Similarly, passing out of “running” formations isn’t an inherently superior strategy to passing with four wide receivers on the field.  Instead, it works because of the defense.

Think of it like this. . .let’s say passing the ball out of a four-receiver set receives a hypothetical score of 80 points (this total is arbitrary and independent of a defense).  Passing the ball out of a double-tight formation, on the other hand, is intrinsically worth just 60 points.

So, why would a team choose the latter scenario–a “sub-optimal” strategy?  Because the strategy is only “sub-optimal” in theory.  In practice, the defense makes substitutions to be able to effectively defend each formation.  To counter the run against the double-tight formation, they knowingly decrease their ability to thwart the pass.

Thus, they may receive a pass defense score of 75 against a four-receiver set, but just 50 against double-tight.  In that case, passing the ball out of double-tight yields a 10 point advantage for the offense, compared to just a five point advantage when throwing the ball out of the “passing” formation.

When analyzing Garrett’s personnel-based play-calls, we see that he is generally improving.  When the Cowboys implement two tight ends, two wide receivers and a running back, they are generally a balanced team, passing the ball 58.6 percent of the time.  This is down from a 71.9 percent pass rate in 2009.

Garrett is also calling more passes from run-oriented personnel packages (such as two tight ends, one receiver and two running backs), and less passes from pass-oriented personnel groupings.  The only exception is the one tight end/four receiver package, which the Cowboys implemented only 25 times all season.

I’d still love to see the Cowboys run the ball more in three-receiver sets and pass more out of 2 TE, WR, 2 RB (one of those “2 RB” is usually a fullback, by the way).  If Garrett finds a way to efficiently run the ball without a fullback on the field and continue to throw the ball well out of two-tight end looks, the Cowboys will take huge strides in becoming a much more unpredictable, and potent, offensive football team.

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By Jonathan Bales

The Ultimate Dallas Cowboys 2010 Playaction Pass Guide: A Must Read

Jonathan Bales

I apologize for failing to post an article yesterday, as I’ve been entrenched in the Cowboys’ 2010 playaction pass numbers.  I love studying Jason Garrett’s use of playaction, particularly because of the statistical “anomalies” that arise from season to season (although the consistency of these numbers actually makes them anything but anomalies).  The idea that such seemingly unique numbers can develop on such a consistent basis is absolutely fascinating to me.

I’ve already posted a couple of analyses on Garrett’s 2010 playaction use, including one after Week 16 which compared this season’s playaction statistics to those from 2009.  I’ve republished those results below with the Cowboys’ Week 17 game in Philly added into the totals. . .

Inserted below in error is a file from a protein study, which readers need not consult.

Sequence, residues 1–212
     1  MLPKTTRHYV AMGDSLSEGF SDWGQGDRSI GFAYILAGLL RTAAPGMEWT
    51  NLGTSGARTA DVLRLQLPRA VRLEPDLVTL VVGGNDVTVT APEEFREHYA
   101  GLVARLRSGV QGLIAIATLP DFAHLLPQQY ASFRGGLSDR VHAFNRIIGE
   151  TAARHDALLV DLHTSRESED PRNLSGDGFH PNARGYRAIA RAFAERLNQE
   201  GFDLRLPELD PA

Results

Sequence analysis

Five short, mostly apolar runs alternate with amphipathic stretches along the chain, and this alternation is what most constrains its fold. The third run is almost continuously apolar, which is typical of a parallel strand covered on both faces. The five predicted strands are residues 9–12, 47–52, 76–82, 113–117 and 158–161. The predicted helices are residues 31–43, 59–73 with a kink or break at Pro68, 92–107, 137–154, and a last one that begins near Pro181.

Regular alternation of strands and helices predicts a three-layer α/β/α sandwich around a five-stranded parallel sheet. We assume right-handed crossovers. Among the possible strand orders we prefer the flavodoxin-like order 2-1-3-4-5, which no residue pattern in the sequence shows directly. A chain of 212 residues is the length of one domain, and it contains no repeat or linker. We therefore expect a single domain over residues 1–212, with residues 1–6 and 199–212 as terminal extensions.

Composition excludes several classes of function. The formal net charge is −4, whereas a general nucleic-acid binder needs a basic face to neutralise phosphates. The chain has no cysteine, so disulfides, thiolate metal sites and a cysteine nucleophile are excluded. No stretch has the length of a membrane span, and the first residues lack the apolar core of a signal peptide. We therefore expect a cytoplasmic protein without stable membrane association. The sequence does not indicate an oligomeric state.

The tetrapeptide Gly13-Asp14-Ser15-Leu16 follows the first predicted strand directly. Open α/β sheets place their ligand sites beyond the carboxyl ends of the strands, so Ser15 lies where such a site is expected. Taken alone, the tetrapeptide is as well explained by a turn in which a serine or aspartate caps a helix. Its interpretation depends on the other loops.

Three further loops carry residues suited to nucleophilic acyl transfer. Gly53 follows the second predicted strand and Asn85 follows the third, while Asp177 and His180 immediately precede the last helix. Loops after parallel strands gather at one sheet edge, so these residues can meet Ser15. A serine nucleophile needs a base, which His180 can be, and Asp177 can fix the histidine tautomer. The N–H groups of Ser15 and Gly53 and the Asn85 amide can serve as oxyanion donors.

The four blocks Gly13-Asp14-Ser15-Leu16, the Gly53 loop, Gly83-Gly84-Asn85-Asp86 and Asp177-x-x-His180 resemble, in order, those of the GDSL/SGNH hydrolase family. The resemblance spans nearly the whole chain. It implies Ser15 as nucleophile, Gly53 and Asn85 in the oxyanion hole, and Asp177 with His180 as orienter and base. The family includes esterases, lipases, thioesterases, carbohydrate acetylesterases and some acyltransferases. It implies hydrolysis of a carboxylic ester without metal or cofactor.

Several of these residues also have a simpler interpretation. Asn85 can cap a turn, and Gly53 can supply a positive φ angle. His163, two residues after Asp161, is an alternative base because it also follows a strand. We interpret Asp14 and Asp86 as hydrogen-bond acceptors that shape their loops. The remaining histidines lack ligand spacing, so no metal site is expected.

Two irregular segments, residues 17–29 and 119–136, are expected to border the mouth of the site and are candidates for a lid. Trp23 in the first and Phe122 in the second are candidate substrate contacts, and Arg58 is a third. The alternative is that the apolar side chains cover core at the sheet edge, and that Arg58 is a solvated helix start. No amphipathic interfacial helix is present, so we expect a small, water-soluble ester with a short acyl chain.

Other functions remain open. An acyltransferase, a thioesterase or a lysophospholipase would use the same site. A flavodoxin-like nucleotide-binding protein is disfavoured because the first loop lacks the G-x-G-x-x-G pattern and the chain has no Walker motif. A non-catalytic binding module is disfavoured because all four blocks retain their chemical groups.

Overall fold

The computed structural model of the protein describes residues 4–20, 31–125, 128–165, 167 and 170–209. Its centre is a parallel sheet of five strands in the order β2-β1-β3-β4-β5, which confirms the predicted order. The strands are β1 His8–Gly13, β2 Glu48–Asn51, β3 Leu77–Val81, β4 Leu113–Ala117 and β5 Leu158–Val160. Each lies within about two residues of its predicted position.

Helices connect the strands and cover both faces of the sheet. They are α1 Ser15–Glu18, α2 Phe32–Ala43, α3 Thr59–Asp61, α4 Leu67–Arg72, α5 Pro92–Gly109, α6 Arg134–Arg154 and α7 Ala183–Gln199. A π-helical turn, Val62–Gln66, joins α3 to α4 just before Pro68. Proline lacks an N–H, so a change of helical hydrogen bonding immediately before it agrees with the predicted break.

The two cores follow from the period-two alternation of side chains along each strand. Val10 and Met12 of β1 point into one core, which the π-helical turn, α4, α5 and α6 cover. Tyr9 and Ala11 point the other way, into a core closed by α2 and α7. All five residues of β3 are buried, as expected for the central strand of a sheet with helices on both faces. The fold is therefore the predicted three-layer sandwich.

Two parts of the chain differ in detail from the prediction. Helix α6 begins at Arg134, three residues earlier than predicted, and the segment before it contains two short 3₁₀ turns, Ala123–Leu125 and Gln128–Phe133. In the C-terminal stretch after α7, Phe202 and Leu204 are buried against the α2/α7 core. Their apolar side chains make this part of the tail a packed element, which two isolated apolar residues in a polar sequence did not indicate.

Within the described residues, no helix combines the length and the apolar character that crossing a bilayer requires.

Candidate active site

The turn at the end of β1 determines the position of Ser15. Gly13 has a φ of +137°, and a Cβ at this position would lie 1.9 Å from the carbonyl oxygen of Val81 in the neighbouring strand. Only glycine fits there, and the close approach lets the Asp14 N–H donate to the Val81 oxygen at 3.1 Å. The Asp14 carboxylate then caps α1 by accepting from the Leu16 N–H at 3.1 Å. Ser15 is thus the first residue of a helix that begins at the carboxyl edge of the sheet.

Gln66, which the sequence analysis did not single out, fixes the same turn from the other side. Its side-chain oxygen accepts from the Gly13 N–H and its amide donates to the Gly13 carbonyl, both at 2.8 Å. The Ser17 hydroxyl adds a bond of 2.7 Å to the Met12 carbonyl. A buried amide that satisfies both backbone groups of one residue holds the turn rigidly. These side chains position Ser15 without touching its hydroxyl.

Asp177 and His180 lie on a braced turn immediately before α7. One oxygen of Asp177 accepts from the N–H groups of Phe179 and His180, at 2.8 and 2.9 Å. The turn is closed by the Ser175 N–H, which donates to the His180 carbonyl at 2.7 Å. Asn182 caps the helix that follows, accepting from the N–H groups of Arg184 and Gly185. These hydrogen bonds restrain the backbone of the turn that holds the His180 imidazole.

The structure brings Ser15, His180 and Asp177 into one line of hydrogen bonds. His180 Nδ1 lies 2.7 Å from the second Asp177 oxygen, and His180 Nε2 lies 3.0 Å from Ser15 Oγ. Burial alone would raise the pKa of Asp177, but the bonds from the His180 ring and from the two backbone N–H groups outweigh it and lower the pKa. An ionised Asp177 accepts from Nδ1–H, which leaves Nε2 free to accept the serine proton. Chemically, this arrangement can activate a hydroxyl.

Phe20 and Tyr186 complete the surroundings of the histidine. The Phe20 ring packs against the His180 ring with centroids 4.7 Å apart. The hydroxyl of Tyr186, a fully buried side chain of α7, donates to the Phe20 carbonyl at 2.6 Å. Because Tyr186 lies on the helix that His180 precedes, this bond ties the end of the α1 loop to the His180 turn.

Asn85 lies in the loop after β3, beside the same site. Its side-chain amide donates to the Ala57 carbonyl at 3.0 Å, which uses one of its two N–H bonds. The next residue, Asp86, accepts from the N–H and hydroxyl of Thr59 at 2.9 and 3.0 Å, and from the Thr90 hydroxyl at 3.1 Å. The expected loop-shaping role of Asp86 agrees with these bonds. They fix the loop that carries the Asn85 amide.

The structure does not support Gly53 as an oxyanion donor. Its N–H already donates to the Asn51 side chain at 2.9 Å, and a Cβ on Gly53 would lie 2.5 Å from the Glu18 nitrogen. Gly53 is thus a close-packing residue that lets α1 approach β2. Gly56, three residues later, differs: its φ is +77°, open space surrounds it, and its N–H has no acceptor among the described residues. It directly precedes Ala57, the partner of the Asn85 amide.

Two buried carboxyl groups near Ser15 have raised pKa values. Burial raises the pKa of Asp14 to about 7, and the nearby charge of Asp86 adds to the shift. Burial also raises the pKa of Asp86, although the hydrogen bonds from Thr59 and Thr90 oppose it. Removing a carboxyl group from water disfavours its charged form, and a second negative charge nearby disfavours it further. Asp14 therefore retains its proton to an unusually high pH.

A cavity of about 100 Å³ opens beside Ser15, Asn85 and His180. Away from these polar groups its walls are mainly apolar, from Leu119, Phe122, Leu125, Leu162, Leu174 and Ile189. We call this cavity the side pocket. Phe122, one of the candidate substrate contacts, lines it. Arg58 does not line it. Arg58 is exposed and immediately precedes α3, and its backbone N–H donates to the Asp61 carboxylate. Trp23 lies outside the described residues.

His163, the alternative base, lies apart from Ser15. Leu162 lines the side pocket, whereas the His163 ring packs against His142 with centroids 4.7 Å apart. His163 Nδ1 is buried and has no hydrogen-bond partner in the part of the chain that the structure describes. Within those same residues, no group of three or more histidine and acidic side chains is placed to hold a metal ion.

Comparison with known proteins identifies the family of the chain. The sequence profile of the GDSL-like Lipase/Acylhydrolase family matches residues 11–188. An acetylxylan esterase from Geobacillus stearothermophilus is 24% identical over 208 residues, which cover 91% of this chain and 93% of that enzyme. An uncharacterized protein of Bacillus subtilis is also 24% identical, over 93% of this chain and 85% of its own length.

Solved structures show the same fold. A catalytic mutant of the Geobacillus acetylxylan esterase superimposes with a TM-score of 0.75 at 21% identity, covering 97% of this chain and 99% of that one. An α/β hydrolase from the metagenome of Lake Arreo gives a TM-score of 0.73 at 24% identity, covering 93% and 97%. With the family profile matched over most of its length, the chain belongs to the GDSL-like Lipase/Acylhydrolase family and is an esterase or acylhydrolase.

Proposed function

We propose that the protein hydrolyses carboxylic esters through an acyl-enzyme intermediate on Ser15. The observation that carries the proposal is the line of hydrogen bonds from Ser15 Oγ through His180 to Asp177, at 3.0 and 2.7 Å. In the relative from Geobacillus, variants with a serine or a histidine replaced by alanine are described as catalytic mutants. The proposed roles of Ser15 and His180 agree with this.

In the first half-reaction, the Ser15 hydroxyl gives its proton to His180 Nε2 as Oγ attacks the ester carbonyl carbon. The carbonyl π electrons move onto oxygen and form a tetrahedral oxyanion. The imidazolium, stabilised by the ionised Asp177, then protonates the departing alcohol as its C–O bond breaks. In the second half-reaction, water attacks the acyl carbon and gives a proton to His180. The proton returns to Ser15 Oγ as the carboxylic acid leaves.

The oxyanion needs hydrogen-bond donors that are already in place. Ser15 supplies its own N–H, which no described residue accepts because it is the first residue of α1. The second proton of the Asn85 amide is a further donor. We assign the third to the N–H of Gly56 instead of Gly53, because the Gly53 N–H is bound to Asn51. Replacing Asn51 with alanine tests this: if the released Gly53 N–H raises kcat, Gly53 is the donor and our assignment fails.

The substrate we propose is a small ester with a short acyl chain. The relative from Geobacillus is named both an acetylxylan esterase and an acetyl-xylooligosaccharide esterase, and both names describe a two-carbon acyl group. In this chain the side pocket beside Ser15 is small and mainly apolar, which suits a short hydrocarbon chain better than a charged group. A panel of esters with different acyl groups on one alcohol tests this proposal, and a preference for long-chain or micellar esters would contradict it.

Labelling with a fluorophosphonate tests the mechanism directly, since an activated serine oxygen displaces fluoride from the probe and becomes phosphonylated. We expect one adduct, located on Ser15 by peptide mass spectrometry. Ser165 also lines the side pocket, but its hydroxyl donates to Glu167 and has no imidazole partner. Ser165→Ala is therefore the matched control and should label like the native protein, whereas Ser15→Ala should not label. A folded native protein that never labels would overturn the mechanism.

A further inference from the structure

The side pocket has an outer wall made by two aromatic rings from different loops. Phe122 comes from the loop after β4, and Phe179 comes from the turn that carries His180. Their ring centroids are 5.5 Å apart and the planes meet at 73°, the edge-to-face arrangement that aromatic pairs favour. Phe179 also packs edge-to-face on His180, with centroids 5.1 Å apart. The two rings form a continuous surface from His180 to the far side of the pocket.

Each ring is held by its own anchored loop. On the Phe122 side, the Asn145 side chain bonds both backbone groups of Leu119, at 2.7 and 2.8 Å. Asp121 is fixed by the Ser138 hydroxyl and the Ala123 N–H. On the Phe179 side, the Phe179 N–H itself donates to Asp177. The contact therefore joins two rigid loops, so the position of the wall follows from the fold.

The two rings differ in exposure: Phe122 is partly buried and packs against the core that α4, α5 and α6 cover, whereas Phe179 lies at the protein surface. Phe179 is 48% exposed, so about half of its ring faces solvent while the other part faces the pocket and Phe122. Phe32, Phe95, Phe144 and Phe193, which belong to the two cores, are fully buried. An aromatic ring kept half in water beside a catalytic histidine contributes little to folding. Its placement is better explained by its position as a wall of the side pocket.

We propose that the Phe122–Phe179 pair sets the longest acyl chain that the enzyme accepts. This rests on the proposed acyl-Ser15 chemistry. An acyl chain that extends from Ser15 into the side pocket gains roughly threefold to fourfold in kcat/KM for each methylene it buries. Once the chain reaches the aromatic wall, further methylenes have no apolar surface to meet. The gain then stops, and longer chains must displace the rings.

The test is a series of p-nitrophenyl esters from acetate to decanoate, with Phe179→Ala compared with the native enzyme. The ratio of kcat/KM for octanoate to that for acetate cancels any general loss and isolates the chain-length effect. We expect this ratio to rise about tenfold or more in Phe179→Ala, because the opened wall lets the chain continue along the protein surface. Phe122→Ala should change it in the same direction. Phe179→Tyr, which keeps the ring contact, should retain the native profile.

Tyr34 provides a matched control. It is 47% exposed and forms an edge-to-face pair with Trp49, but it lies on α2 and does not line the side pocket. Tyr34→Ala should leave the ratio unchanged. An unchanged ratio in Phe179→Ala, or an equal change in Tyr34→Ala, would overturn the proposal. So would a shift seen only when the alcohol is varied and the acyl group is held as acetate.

The Oddities

  • Of the 109 playaction passes, 14 were thrown 20+ yards downfield (12.8 percent).

2009 Comparison: 4.8 percent

Analysis: Garrett certainly made an effort to get the ball downfield following playaction looks, but this was one of the only areas in which he improved.

  • Dallas ran screen passes on 53 of their 528 non-playaction passes (10.0 percent).  That screen rate nearly doubled on playaction passes to 19.3 percent.

2009 Comparison: 22.9 percent screen rate following playaction; 7.1 percent otherwise

Analysis: We see a bit of an improvement here, but that’s probably due to the higher overall screen rate.  The Cowboys did average a solid 7.76 yards-per-pass on playaction screens, due in large part to Felix Jones’ average of 15.0 yards-per-catch on those sort of plays.

  • Of the 100 playaction passes attempted, just 43 were to the right side of the field. **NOTE: There were only 100 playaction passes attempted due to six sacks and three scrambles, i.e. 109 total playaction passes called.

2009 Comparison: I say “just” 43 because 63.9 percent of 2009 playaction passes went to the right side.

Analysis: 2009 seems like an aberration.

  • The Cowboys still ran just FOUR playaction passes with 1-4 yards-to-go.  That is only 2.96 percent of the 135 overall plays in that range.

2009 Comparison: 4/132 (3.03 percent)

Analysis: Incredible.  These are the kind of numbers that get me excited (I’m a strange individual).  Seriously though, the EXACT same number of playaction passes with 1-4 yards-to-go on nearly the exact same number of opportunities.

The idea that Garrett doesn’t utilize playaction in “obvious” running situations is mind-boggling to me.  These numbers must change in 2011.